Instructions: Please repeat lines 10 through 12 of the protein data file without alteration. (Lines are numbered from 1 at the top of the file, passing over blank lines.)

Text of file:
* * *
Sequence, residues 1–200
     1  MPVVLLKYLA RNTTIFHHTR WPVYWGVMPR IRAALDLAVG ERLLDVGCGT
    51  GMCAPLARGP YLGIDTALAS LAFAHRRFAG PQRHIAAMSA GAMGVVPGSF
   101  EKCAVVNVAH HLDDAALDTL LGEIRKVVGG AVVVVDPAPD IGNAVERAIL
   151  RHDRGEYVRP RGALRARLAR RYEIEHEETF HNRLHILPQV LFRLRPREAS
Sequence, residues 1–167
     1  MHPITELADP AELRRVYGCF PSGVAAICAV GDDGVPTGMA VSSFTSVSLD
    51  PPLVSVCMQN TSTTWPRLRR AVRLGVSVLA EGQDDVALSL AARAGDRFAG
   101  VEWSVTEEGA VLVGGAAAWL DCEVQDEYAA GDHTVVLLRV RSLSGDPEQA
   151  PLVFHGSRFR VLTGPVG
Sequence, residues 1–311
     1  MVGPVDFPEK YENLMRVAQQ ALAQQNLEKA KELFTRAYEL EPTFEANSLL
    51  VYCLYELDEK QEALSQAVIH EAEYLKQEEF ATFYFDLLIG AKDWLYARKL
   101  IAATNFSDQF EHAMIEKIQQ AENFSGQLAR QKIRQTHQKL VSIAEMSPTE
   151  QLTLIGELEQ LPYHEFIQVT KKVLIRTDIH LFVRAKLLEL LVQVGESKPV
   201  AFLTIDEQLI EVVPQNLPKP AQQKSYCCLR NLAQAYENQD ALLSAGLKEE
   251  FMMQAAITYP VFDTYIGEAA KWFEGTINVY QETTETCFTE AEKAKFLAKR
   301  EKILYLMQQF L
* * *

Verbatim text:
   151  PLVFHGSRFR VLTGPVG
Sequence, residues 1–311
     1  MVGPVDFPEK YENLMRVAQQ ALAQQNLEKA KELFTRAYEL EPTFEANSLL